# Setting up a differential equation to find time constant for RC-circuit Problem: Calculate the time constant for charging the capacitor in the circuit shown in the figure. What is the maximum charge on the capacitor?

Attempt at solution: Let current $I_1$ flow from the emf into $R_1$, let current $I_2$ flow from the top junction into $R_2$, and let $I_3$ flow in the upper right corner, charging the capacitor.

Applying Kirchhoff's junction rule to the top junction (call it $a$) we have \begin{align*} I_1 = I_2 + I_3. \ \ \ (i) \end{align*} From Kirchhoff's loop rules we see that \begin{cases} -I_1 R_1 - I_2 R_2 + \epsilon = 0 \ \ \ (ii) \\ -I_1 R_1 - \frac{Q}{C} + \epsilon = 0 \ \ \ (iii) \end{cases} Furthermore, we have $I_3 = \frac{dQ}{dt}$ because the third current (in the upper right corner) is charging the capacitor.

I now want to set up a differential equation, involving only $Q, \frac{dQ}{dt}$ and possibly some other constants, so can I solve it for the time constant.

If I differentiate (iii), then I get \begin{align*}-\frac{dI_1}{dt}R_1 - \frac{dQ}{dt} \frac{1}{C} = 0, \end{align*} which can be rewritten as \begin{align*} \frac{I_3}{C} = -\frac{dI_1}{dt} R_1. \end{align*}

I'm not sure how to proceed. Any help please?

Edit (adding further progress): Differentiating all equation gives us \begin{cases} \frac{dI_1}{dt} = \frac{dI_2}{dt} + \frac{dI_3}{dt} \\ -\frac{dI_1}{dt} R_1 - \frac{dI_2}{dt} R_2 = 0 \\ -\frac{dI_1}{dt} R_1 - \frac{I_3}{c} = 0. \end{cases} From the second equation we have \begin{align*} -\frac{dI_2}{dt} R_2 = \frac{dI_1}{dt} R_1. \end{align*} Substituting the first equation in the right hand side gives \begin{align*} -\frac{dI_2}{dt} R_2 = (\frac{dI_2}{dt} + \frac{dI_3}{dt})R_1. \end{align*} Distribution and bringing the $I_2$ terms to the left side gives \begin{align*} -\frac{dI_2}{dt}(R_2 + R_1) = \frac{dI_3}{dt} R_1. \end{align*} Substituting the first equation again for $-dI_2/dt$, we get \begin{align*} (-\frac{dI_1}{dt} + \frac{dI_3}{dt})(R_2 + R_1) = \frac{dI_3}{dt} R_1. \end{align*} From the third equation we see that $-\frac{I_3}{R_1 C} = \frac{dI_1}{dt}$. Hence we plug that in and get: \begin{align*} (\frac{I_3}{R_1 C} + \frac{dI_3}{dt})(R_2 + R_1) = \frac{dI_3}{dt} R_1. \end{align*} Now we got everything in function of $I_3$, which is what we wanted. Arranging terms to get \begin{align*} \frac{dt(R_2 + R_1)}{R_1} = \frac{dI_3}{I_3/R_1C + dI_3/dt}. \end{align*} Now I'm not sure how to proceed. I want a differential equation of the form \begin{align*} \frac{dI_3}{I_3} = \text{(some terms come here)} \ \cdot dt \end{align*}, so I can integrate. Any help please?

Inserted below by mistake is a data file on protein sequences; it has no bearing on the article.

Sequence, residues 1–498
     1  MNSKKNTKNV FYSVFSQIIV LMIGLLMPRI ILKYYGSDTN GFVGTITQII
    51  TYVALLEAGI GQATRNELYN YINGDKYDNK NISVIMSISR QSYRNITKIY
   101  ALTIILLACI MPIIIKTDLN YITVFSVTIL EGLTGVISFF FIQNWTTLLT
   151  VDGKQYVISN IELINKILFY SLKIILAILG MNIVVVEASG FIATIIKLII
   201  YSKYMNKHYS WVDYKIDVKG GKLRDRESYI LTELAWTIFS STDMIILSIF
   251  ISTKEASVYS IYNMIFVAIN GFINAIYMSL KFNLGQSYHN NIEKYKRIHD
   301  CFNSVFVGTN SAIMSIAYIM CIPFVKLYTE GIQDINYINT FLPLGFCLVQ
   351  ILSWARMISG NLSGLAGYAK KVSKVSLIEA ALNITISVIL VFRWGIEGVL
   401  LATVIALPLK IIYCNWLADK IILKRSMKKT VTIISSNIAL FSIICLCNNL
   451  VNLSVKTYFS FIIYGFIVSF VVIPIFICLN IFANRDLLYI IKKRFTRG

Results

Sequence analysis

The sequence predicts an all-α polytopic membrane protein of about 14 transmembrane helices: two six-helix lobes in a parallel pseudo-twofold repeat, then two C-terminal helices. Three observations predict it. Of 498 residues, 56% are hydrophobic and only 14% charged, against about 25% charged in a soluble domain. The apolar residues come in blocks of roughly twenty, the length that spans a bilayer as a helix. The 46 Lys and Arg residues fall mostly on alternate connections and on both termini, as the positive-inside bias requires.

• Can you give the title of your textbook ? – Tony Piccolo Mar 6 '15 at 11:50
• It's not from a textbook. It's from a handout the professor gave us. Why you ask? – Kamil Mar 6 '15 at 12:18
• It is a good rule to know the context. – Tony Piccolo Mar 6 '15 at 12:19

HINT:

You can write,

$$I_1 = I_2 + I_3$$

in terms of

$$\frac{\varepsilon}{R_1}-\frac{V_c}{R_1}=\frac{V_c}{R_2}+C\frac{dV_c}{dt}$$

This is a first order linear diff. equation:

$$\frac{dV_c}{dt}+\frac 1 C (\frac{R_1+R_2}{R_1R_2})V_c=\frac{\varepsilon}{R_1C}$$

And the charge is:

$$q=CV_c$$

• Can you check my progress please. I edited at the bottom. – Kamil Mar 6 '15 at 17:55

Using (i) eliminate $I_1$ from (ii) and (iii), then using the results to eliminate $I_2$ from one or other of the resulting equations which will leave you with an equation in $I_3$ and $Q$ (and of course $R_1$, $R_2$ and $C$). As $\frac{dQ}{dt}=I_3$ this is a linear first order ODE with constant coefficients, which is what you are aiming for.

Assuming the algebra is right (and I would not do that if I were you):

\begin{aligned}-I_2\,R_2+\left( -I_3-I_2\right) \,R_1+\varepsilon&=0\ \ ...(ii')\\ \left( -I_3-I_2\right) \,R_1-\frac{Q}{C}+\varepsilon&=0\ \ ...(iii')\end{aligned} so rearranging each of these into the form $I_2= ...$ and equating them: \begin{aligned}I_2&=-\frac{I_3\,R_1-\varepsilon}{R_2+R_1} \end{aligned}=-\frac{C\,I_3\,R_1+Q-\varepsilon\,C}{C\,R_1}

etc..

• Can you show me how to eliminate $I_2$ in the last step? I've tried what you said, but I'm still always left with an $I_2$ factor. – Kamil Mar 6 '15 at 12:45